Smoke from Canadian wildfires continue to shroud US cities in a noxious haze, forcing flight delays and cancellations to outdoor activities as environmental groups called for urgent action to tackle climate change.

Residents in the capital Washington awoke to an acrid smell and orange-tinged skies, with the Environment Protection Agency rating parts of the mid-Atlantic region at "Code Maroon," the highest category of the Air Quality Index, signaling hazardous conditions.

This made parts of the United States the most polluted in the world, worse than cities in South Asia and China that normally dominate global rankings, with the situation not expected to improve until the weekend.

"Today's air quality is extremely unhealthy," tweeted the city's Department of Energy and Environment.

"Members of the general public may experience health effects and sensitive groups may experience more serious health issues."

Commuters donned N-95 masks while the National Zoo announced it would close "for the safety of our animals, our staff and our guests."

The Washington Nationals, the capital's Major League Baseball team, announced it was postponing its afternoon game against the Arizona Diamondbacks.

Public schools in the capital canceled all outdoor activities including recess, physical education, athletic practices and competitions.

While the White House postponed an outdoor Pride event until Saturday.

"Today's Pride event on the White House South Lawn will be postponed until Saturday based on the projected air quality in the region," the White House said in a statement.

Smoke and haze from Canadian wildfires is impacting air quality in the US

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State of emergency declared in western Canada due to wildfires

A helicopter drops water onto the Cameron Bluffs wildfire near Port Alberni, British Columbia

The Federal Aviation Administration meanwhile said low visibility had forced it to "manage the flow of traffic safely into New York City, DC, Philadelphia and Charlotte."

Flights bound for New York's La Guardia and to Philadelphia International resumed after a pause.

Environmental groups were quick to draw attention to climate change, which is creating warmer, drier conditions that are increasing the risk and extent of wildfires.

"This is the climate crisis, here and now, causing dangerous air pollution and threatening the health of millions of people," said May Boeve, Chief Executive of

Her comments echoed UN chief Antonio Guterres, who tweeted Wednesday: "With global temperatures on the rise, the need to urgently reduce wildfire risk is critical.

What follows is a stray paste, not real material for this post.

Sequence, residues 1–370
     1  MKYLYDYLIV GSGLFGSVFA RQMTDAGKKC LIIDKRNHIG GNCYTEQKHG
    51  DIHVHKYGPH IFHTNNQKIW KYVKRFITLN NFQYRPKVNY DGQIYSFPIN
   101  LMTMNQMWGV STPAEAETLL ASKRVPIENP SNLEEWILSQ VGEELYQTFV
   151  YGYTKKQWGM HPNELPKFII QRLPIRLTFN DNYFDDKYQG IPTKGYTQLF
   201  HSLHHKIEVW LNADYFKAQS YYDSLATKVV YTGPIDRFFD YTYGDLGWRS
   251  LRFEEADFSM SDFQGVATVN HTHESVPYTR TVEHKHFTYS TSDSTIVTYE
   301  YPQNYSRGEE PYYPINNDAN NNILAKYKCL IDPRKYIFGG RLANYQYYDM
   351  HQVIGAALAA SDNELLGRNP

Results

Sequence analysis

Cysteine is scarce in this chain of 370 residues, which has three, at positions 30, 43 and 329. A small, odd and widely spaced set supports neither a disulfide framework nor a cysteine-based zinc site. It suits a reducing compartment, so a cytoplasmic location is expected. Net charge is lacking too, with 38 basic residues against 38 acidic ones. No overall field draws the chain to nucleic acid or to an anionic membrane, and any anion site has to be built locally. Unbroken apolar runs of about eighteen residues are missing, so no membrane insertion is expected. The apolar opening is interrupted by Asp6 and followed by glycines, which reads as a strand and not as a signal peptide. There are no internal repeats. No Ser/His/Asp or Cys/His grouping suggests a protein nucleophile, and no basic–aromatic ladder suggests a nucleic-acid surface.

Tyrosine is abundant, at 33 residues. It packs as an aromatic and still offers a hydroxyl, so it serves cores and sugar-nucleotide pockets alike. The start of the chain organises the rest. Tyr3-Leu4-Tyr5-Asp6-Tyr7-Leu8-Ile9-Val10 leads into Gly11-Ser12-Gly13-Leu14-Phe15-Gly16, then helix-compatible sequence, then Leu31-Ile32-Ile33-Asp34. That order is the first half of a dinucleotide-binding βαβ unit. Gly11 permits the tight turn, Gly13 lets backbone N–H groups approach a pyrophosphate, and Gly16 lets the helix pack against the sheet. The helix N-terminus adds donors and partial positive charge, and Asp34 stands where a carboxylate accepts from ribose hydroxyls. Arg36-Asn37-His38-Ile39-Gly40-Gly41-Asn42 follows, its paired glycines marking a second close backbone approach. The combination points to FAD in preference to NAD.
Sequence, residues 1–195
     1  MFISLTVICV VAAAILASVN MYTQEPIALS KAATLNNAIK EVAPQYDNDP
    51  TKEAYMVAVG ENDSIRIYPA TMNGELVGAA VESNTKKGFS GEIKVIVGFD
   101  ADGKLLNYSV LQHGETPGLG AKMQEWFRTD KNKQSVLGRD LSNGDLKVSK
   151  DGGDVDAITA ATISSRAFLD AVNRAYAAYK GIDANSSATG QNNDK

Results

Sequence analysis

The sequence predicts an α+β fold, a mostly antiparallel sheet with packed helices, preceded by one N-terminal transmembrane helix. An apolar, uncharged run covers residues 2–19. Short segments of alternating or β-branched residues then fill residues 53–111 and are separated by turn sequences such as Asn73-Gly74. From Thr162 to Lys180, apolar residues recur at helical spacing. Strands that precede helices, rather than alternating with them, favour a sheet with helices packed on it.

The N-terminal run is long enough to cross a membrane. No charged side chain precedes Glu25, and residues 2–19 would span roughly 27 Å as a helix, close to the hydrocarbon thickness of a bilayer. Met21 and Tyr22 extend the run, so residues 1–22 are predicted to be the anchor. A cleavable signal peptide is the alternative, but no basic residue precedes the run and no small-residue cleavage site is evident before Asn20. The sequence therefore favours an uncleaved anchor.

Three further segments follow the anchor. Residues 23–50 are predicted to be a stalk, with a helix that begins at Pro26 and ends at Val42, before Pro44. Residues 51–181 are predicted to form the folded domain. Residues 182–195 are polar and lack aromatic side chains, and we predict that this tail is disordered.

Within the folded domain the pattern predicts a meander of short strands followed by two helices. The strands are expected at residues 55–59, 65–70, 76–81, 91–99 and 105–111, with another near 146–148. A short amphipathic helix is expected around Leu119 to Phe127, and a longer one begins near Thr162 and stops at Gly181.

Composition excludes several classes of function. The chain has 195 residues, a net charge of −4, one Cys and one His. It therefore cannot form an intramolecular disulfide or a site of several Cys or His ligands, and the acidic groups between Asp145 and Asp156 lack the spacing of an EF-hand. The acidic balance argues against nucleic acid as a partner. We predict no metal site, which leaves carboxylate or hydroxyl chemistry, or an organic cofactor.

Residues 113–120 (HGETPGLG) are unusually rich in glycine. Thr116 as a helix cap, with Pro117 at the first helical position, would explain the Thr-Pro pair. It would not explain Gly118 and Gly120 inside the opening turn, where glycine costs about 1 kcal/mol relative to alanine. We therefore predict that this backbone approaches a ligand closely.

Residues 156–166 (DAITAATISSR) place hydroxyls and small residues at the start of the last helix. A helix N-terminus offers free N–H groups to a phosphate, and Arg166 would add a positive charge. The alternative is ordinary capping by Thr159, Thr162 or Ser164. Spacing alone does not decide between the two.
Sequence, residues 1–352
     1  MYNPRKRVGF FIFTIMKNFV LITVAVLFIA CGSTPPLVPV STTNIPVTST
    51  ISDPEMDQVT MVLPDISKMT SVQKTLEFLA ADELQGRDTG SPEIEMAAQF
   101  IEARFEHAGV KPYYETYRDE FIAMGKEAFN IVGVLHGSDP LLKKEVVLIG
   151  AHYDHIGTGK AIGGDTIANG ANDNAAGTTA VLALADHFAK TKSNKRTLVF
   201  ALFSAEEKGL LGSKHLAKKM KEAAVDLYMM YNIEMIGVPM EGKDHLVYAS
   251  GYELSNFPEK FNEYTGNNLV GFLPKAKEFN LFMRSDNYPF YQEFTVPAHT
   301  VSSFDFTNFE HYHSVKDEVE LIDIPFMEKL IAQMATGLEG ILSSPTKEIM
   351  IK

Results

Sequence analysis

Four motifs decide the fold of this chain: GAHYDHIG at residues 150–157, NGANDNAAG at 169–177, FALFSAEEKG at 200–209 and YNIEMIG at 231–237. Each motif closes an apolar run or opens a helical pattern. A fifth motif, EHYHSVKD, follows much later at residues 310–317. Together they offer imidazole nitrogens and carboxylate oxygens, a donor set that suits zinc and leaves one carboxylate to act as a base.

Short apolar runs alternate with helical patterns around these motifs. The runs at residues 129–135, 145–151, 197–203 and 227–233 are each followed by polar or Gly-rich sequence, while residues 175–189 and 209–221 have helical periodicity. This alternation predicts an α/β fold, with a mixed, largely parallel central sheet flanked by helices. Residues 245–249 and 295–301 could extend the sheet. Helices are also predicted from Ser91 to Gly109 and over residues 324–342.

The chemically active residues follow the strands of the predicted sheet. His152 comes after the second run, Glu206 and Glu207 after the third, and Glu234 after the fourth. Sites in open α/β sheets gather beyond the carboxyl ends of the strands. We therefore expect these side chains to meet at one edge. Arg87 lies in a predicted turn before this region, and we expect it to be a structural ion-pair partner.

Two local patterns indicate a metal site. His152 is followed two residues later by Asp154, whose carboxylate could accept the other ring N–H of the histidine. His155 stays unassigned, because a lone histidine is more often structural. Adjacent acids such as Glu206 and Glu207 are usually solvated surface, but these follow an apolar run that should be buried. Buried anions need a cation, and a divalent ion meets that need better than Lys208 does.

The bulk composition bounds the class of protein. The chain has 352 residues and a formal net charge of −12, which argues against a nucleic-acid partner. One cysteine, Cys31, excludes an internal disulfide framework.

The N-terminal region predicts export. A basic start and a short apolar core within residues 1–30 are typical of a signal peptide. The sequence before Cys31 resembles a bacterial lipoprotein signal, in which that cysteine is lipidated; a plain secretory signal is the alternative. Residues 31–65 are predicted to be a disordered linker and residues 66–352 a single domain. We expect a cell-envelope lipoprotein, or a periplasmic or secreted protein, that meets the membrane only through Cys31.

"We must make peace with nature. We cannot give up."

Smoke from the Quebec fires has prompted air quality alerts in several US cities including New York

'Reminded me of 9/11'

Skies were noticeably clearer in New York compared to the day before, even as the AQI index remained high.

Officials handed out face coverings at train stations, bus depots and parks.

Linda Jiuliano, a 65-year-old secretary, gladly accepted one at Grand Central station in Midtown Manhattan.

"I've never seen anything like it," she told AFP, describing the sepia-tinged smog that engulfed New York on Wednesday as "scary."

"It reminded me a lot of 9/11, seeing the sky all smoky and everything," said Ms Jiuliano, who kept the windows closed and the air conditioner on at her home in Huntington, Long Island.

Smoke from wildfires in Toronto, Ontario

Meanwhile in Canada, pollution from wildfires is expected to peak today in Toronto, Environment Canada said.

With nearly two million acres affected, according to the Society for the Protection of Forests against Fire (SOPFEU), Quebec is experiencing a historic season.

Twice as many blazes have been recorded this year compared to the average over the past ten years.

The French-speaking province still had more than 150 active fires today, including nearly 90 out of control.

New reinforcements - from the United States, France and Portugal - are expected in the hours and days to come.

More than 12,000 people have been evacuated within the space of a few days.

The situation remains worrying in several regions, explained Stephane Caron, of SOPFEU.

"We are only at the very beginning of this fire season. We are now entering the period when usually there are beginning to be larger fires in Quebec," he said.

The risk of a new outbreak is rated "extreme" by authorities in the western part of Quebec.

These blazes are of high intensity and spread rapidly, and are therefore very complex for firefighters to stop, officials say.